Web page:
The explanation by the federal government that the appointment of the current Governing Board of the Niger Delta Development Commission is not a continuation of the sacked board has laid to rest any controversies surrounding the appointment, writes Michael Jegede
Notwithstanding the lucid explanation given by the federal government, in denying an alleged extension of the tenure of the current Governing Board of Niger Delta Development Commission, NDDC, the needless raging hullabaloo over the issue has persisted.
Some individuals and groups are threatening a showdown with FG, if the present NDDC board inaugurated in November last year is not dissolved this December, for a new board to be constituted to enable the key positions move to other states of the Niger Delta. Their argument is erroneously based on the rotation provided for in the enabling Act of the agency.
The Chairman of the current board is Senator Victor Ndoma-Egba, while Mr. Nsima Ekere is the Managing Director (MD) of the commission. Ndoma-Egba and Ekere are from Cross River State and Akwa-Ibom State respectively.
At the forefront of the call for the termination of the current NDDC board tenure are indigenes of Bayelsa State who are expecting one of them to be appointed the MD of the interventionist agency by this December. They are insisting that the present board cannot stay beyond this month as, according to them, it was constituted to complete the tenure of the previous one which was in place for two years before it was dissolved in December 2015. The Ijaw Youth Council (IYC) seems to be leading the agitation.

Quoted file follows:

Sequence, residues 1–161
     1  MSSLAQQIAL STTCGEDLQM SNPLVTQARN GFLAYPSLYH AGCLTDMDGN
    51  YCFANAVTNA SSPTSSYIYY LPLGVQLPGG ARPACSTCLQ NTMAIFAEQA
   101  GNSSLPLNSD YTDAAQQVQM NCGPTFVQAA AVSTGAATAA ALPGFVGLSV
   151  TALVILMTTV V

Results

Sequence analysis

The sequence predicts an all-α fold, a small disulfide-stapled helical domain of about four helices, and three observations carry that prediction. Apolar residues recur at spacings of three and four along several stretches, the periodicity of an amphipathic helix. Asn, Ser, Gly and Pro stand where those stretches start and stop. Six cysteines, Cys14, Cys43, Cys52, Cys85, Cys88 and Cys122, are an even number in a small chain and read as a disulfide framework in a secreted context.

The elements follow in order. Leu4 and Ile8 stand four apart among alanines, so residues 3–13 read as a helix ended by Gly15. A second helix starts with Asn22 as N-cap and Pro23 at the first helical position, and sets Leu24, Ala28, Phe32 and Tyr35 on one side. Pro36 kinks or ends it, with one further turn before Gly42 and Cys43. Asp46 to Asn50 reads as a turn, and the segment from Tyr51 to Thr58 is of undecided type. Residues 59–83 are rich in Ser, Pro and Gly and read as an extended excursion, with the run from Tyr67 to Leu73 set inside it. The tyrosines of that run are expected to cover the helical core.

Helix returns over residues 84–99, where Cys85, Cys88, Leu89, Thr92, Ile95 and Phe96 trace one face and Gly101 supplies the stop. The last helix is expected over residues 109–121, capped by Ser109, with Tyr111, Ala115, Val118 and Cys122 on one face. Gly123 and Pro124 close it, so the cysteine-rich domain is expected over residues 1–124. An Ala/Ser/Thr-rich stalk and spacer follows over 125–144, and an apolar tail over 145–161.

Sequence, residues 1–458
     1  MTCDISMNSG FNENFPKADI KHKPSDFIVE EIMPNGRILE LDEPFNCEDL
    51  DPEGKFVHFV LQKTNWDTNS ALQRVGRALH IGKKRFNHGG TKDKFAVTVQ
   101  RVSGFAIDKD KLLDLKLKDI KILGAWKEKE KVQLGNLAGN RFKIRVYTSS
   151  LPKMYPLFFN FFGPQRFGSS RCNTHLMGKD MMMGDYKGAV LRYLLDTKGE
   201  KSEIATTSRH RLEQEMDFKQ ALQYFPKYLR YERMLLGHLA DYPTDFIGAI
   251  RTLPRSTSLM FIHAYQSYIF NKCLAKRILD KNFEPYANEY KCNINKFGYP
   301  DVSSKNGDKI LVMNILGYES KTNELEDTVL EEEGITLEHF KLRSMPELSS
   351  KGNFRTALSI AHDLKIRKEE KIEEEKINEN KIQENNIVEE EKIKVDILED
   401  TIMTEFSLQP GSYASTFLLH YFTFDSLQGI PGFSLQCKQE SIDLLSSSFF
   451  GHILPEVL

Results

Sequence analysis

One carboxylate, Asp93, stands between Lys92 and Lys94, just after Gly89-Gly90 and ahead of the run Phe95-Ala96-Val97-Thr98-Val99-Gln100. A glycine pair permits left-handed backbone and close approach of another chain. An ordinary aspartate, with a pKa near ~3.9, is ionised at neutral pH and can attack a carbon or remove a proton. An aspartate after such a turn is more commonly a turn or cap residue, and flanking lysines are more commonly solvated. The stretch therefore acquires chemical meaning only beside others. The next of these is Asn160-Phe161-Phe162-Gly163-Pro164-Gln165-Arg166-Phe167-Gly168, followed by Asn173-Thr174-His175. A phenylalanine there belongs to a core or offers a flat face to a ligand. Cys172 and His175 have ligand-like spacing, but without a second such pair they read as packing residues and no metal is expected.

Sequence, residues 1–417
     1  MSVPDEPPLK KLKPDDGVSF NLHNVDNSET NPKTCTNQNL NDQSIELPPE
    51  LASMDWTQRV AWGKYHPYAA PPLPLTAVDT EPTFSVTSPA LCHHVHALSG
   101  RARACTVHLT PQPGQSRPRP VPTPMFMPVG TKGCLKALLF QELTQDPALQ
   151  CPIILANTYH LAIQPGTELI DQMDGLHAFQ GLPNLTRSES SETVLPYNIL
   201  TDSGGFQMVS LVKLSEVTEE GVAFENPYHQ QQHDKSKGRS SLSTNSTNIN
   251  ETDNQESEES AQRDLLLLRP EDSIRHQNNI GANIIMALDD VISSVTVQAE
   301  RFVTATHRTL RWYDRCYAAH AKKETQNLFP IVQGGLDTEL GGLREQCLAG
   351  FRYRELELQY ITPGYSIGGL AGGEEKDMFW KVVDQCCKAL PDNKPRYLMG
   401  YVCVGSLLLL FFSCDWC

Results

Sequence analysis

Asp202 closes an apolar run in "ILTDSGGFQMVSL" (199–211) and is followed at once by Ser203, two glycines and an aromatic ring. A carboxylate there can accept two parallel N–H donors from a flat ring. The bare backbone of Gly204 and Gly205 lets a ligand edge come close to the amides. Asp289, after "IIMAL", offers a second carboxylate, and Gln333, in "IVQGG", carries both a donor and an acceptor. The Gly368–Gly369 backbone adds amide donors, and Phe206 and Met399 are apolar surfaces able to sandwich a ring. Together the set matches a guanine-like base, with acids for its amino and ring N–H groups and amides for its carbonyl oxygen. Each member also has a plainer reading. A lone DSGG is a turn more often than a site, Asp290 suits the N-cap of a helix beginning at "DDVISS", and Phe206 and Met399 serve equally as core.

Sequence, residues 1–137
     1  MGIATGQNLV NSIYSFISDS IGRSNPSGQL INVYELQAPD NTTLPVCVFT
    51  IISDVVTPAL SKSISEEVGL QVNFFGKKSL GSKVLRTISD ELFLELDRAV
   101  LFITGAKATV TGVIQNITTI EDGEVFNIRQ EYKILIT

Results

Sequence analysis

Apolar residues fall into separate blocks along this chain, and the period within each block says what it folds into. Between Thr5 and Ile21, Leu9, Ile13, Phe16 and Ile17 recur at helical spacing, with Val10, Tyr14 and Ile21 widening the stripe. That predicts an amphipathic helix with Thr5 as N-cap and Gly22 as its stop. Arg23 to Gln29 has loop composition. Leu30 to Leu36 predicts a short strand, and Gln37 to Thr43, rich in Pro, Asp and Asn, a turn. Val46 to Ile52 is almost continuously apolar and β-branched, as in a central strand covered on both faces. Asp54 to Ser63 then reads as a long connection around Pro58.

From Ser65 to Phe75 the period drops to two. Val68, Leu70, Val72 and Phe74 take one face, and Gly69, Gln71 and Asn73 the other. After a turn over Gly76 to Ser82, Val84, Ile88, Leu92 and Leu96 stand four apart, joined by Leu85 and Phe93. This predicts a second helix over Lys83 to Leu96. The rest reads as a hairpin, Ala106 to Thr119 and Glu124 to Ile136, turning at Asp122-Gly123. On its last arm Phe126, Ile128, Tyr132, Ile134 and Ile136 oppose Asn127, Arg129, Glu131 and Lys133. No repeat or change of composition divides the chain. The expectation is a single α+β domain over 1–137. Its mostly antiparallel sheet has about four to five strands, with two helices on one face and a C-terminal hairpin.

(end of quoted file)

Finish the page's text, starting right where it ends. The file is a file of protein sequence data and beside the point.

About a month ago, Senator Emmanuel Paulker, in a motion he moved on the floor of the Senate, declared that contrary to the clear provisions of the NDDC Act, the tenure of the present board of the commission had been illegally extended to four years by the immediate past Acting Secretary to Government of the Federation, SGF, Dr. Habiba Muda Lawal.
The Senator, representing Bayelsa Central Senatorial District on the platform of Peoples Democratic Party (PDP), argued that by the prescription of section 5(2) of the NDDC Act, the present board led by Ndoma-Egba (SAN), is to serve out the remainder of the term of the previous board headed by Senator Bassey Ewa-Henshaw, which ought to expire in December 2017.
However, reacting swiftly to the alarm raised by Paulker, the new SGF, Boss Mustapha, in a letter signed by Dayo Apata, a permanent secretary and Solicitor General of the Federation, said that the Ndoma-Egba chaired board was not a continuation of the sacked one led by Ewa-Henshaw.
According to the letter, â€œSection 5(2) of the act refers to a situation where a vacancy occurs as a result of any of the provisions of section 5(1) of the act as opposed to when the entire board is dissolved. In this case, the previous board was dissolved and its tenure extinguished.